Ever since I saw the wonderful 1996 documentary When We Were Kings, about the legendary 1974 "Rumble in the Jungle" between Muhammad Ali and George Foreman in the Congo (formerly Zaire), I've been curious about the prefight concert, which took place over three nights in Kinshasa. The fight itself ended up delayed by five weeks after Foreman sustained a cut near his eye while sparring, but the music went on as planned on the original dates, September 22 through 24, drawing a crowd of 50,000. Billed as Zaire 74, the Kinshasa event mixed marquee names from American soul, blues, and R&B—including James Brown, B.B. King, the Spinners, Bill Withers, and the Crusaders—and Latin-music heavies Celia Cruz & the Fania All-Stars with a top-flight roster of Congolese talent. The original film touched lightly on the concerts, but another great movie, 2009's Soul Power, gave the music its own showcase. Unfortunately, the film focused almost exclusively on the visiting artists, with scant mention of the locals.
The performances were filmed and recorded on a state-of-the-art mobile studio, but most of the tapes sat in storage for decades thanks to a dispute with the fight's notorious promoter, Don King. Now, the organizers of the music festival—South African trumpeter Hugh Masekela and producer Stewart Levine—have finally gained control of the music, and on Friday a stunning new double CD called Zaire 74: the African Performers (Wrasse) will at long last let us hear it all. The set features beautifully recorded, highly charged, and sublimely elegant performances by Franco & O.K. Jazz, Orchestre Stukas, Abeti Masikini, and Tabu Ley Rochereau & Afrisa, as well as a set from South African great Miriam Makeba. It's mind-boggling that this material has been buried all these years. The discs are packaged in a lovely hardbound book with liner-note essays by Masekela, Levine, and British music journalist Robin Denselow. I wish there were more still images from the film footage—Makeba is the only artist pictured in performance—but I'm not complaining.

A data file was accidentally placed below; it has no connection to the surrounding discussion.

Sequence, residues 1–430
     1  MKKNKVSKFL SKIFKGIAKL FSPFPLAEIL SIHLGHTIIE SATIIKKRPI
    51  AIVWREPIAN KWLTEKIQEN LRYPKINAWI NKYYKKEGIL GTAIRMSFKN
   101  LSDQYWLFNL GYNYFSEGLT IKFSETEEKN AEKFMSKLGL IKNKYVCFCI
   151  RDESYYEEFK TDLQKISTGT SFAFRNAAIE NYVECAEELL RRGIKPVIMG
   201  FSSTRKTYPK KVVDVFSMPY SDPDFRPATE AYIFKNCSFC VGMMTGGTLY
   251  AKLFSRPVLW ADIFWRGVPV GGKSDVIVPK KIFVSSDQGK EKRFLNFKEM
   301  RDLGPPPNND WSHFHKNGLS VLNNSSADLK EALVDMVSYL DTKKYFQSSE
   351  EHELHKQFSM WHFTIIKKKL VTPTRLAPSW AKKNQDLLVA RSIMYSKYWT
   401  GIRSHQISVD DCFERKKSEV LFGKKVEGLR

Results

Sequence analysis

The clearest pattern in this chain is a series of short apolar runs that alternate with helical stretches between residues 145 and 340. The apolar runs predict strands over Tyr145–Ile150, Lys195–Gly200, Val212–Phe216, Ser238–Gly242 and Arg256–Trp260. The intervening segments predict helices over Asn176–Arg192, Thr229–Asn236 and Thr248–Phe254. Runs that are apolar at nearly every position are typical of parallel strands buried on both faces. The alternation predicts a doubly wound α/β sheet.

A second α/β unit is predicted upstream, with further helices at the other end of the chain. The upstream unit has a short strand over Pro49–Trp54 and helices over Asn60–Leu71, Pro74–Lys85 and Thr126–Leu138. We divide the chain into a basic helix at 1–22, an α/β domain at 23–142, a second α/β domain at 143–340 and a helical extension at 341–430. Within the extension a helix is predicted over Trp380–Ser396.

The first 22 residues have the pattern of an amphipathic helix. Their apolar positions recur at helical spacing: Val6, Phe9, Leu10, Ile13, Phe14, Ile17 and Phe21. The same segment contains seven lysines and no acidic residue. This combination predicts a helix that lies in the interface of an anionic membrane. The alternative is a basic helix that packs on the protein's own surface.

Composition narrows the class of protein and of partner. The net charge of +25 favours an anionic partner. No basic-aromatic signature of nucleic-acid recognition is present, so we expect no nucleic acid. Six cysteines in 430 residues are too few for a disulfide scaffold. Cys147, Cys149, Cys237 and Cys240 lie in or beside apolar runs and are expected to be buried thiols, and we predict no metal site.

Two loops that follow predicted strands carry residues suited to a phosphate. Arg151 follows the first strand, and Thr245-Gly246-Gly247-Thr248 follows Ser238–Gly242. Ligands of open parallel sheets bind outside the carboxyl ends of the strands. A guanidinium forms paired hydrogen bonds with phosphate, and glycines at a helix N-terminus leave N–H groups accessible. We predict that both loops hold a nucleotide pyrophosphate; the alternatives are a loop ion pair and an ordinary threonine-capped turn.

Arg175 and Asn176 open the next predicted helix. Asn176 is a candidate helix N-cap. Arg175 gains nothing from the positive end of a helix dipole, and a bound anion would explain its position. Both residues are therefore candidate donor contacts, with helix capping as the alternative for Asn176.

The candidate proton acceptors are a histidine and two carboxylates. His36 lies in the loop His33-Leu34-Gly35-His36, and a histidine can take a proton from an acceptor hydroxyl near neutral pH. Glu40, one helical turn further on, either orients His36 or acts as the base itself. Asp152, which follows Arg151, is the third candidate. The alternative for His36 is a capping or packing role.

It was hard to choose any single tune, especially when what were arguably two of the three greatest bandleaders in the history of Congolese music played such dazzling sets at these concerts. But as much as I love Rochereau, I have to go with my all-time Congolese favorite, Franco, for today's 12 O'Clock Track. Below you can hear "Koni Ya Bonganga"—but honestly, this whole set is unfuckwithable, and you deserve to hear it all. The wait was worth it.